About Configuring Projects for Dynamic Analysis

When you set basic target application properties to configure the Intel® Inspector projects, make sure you choose small, representative data sets to produce the most accurate and complete dynamic analysis results at the least cost.

You can also configure the Intel Inspector projects by:

About Setting Basic Target Application Properties

Most basic application properties are not specific to Intel Inspector projects and their purpose should be self-evident. The following are of special note:

Use This

To Do This

Store result... radio buttons

Store results in the default project location or a custom location.

Tip

Consider storing results in - and linking to - a custom location if:

  • You have limited space in the project directory.

  • You customarily back up the project directory but do not want to back up results.

Result location field (read-only)

Verify the result location and current result directory name template.

About Choosing Small, Representative Data Sets

When you run a dynamic analysis, the Intel Inspector executes an application. Data set size and workload have a direct impact on application execution time and analysis speed.

For example, it takes longer to process a 1000x1000 pixel image than a 100x100 pixel image. A possible reason for the longer processing time: You may have loops with an iteration space of 1...1000 for the larger image, but only 1...100 for the smaller image. The exact same code paths may be executed in both cases. The difference is the number of times these code paths are repeated.

You may control analysis cost without sacrificing completeness by removing this kind of redundancy from your data set.

Instead of choosing large, repetitive data sets, choose small, representative data sets that fully create threads with minimal to moderate work per thread. Minimal to moderate means just enough work to demonstrate all the different behaviors a thread can perform.

Your objective: In as short a runtime period as possible, execute as many paths and the maximum number of tasks (parallel activities) as you can afford, while minimizing the redundant computation within each task to the bare minimum needed for good code coverage.

Data sets that run a few seconds are ideal. Create additional data sets to ensure all your code is inspected.

Note

If you plan to run threading analyses and your programming model uses dynamic scheduling, ensure sufficient work is available for assignment to more than one thread.

About Setting Advanced Target Application Properties

Advanced target application properties are specific to Intel Inspector projects.

Use This

To Do This

Suppressions radio buttons

  • Not collect result data impacted by the suppression rules in files and directories specified in the Suppressions tab of the Project Properties dialog box (choose Apply suppressions).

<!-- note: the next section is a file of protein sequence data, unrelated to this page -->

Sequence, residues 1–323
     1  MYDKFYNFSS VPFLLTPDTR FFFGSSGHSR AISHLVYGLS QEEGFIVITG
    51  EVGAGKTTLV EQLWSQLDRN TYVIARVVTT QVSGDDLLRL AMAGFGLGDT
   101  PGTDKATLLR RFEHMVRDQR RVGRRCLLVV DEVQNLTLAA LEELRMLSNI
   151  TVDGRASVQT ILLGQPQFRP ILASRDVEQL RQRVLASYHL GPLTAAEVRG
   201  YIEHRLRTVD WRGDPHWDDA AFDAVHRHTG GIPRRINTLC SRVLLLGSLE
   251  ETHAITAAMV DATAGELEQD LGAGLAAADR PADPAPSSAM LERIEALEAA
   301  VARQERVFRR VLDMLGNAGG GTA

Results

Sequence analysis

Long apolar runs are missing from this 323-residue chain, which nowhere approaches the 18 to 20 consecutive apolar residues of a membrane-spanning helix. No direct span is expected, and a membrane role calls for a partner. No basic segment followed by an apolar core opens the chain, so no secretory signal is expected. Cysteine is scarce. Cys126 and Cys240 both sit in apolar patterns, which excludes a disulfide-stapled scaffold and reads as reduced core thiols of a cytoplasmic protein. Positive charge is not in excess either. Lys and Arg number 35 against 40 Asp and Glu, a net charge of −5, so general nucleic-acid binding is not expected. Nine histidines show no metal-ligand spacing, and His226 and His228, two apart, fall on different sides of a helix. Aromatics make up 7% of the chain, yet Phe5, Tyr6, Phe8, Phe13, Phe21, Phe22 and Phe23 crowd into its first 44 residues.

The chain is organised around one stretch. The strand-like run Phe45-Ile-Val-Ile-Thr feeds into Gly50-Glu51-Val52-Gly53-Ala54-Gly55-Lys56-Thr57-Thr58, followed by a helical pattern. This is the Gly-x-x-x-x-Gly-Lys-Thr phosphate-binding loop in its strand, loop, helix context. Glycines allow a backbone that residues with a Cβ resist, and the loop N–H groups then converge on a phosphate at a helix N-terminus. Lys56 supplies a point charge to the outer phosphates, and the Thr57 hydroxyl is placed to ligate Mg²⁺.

• Ignore all suppression rules (choose Do not apply suppressions).

Child application field

Inspect a file that is not the starting application. For example: Inspect an .exe file (identified in this field) called by a script (identified in the Application field).

Enable collection progress information checkbox

Display thread activity during collection to confirm the application is still executing.

Modules radio buttons, Modify button, and field

Potentially speed up collection by limiting application module(s) for inspection. You can limit by inclusion or exclusion. For example, you can:

  • Inspect specific modules and disable inspection of all other modules (click the Include only the following module(s) radio button and choose the modules).

  • Disable inspection of specific modules and inspect all other modules (click the Exclude the following module(s) radio button and choose the modules).

Note

By default, the Intel Inspector inspects all modules in the application.

About Managing Suppression Rules

You (and your development team) will always know more about your code than the Intel Inspector can ever know. For example:

  • Your team lead may know of error-prone third-party code.

  • Your team architect may know specific code passages are correct as coded.

  • You may know you are currently fixing a specific bug.

Suppressing known issues based on rules you define can improve your productivity by helping you focus on only those issues that currently require your attention.

You can manage the suppression rules applied to each project during analysis by adding information to or removing information from the Suppressions tab of the Project Properties dialog box.

About Searching Non-standard Directories

Intel Inspector is designed to search all standard directories for the supporting files necessary to execute an application during analysis and manage result data after analysis.

You can also configure the Intel Inspector to search non-standard directories. This can be useful when:

  • Specific PATH settings are required for correct operation.

  • Source files reside somewhere other than where debug information indicates.

  • Debug information files are not located with binary files.

Alert the Intel Inspector to search non-standard directories using the Binary/Symbol Search tab and the Source Search tab of the Project Properties dialog box.

For more complete information about compiler optimizations, see our Optimization Notice.